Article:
at St. Mark's Episcopal Church in Evanston, Illinois
Sunday, February 12, 2012

For freedom Christ has set us free. Stand firm, therefore, and do not submit again to a yoke of slavery.[1] Paul writes with a sense of urgency to the Christian converts as they have fallen victim to an intra-Christian dispute between Paul’s missionary message and the missionary message of other Jewish Christians.   At the heart of the dispute is whether it is necessary for gentile converts to take on the Jewish laws and practices in order to really belong to God’s people.  And in the letter to the Galatians we have Paul’s response: a resounding No!  These words from Paul’s letter to the Galatians are as important to us today as they were when they were written.
Listen! I, Paul, am telling you that if you let yourselves be circumcised, Christ will be of no benefit to you.[2]  Paul tells the Galatians that they are justified – that is, set in right relation to God – right now, as they are. That is the gift of God – true freedom.  To attempt to become justified through the law is to reject God’s gift.  Any conditions that are placed on a people in order that they might be full members of the body of Christ are a perversion of the gospel – a perversion of the Good News of God in Christ Jesus that Christ alone has set us free.  Period.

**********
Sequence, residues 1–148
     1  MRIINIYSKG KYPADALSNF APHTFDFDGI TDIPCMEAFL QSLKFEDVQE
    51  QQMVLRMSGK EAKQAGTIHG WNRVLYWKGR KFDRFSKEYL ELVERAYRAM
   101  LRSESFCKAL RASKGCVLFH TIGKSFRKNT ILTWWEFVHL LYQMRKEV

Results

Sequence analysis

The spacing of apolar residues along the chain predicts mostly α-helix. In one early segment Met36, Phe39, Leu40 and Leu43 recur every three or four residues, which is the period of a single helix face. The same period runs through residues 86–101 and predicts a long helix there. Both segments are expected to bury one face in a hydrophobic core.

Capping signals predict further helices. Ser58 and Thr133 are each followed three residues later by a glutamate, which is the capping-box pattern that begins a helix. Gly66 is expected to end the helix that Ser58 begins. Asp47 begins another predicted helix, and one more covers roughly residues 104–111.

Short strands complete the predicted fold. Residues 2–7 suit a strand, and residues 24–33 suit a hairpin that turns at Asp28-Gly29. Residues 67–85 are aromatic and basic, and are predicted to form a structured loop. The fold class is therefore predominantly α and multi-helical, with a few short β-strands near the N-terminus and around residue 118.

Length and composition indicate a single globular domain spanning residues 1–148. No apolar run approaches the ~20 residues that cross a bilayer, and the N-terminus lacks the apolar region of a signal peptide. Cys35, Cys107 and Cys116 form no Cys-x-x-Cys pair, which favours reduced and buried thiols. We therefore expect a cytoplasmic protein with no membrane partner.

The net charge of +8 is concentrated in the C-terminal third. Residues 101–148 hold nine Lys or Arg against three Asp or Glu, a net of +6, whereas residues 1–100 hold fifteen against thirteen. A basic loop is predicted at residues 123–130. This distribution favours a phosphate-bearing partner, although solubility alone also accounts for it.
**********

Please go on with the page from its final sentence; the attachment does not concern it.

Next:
Absalom Jones and Richard Allen[3], were among the earliest ordained black ministers in the United States. Jones was born a house slave in 1746 in Delaware and sold to a Philadelphia storeowner at age 16. In 1770, Jones married Mary King, another slave.  By 1778 he purchased her freedom so that she and their children would be free.  Seven years later he purchased his own freedom. Both Jones and Allen were educated by Quakers in Philadelphia where they were students at antislavery activist Anthony Benezet’s night school for Blacks. 
At St. George’s Methodist Episcopal Church, Jones served as lay minister for its Black membership.  The active evangelism of Jones and that of his friend, Richard Allen, greatly increased Black membership at St. George’s. This growth in membership alarmed the all-white vestry who voted to segregate Blacks into an upstairs gallery of the church.  When on the following Sunday, ushers tapped Jones, Allen and others on the shoulder during the opening prayers, and demanded that they move to the balcony without waiting for the end of the prayer, they walked out in a body.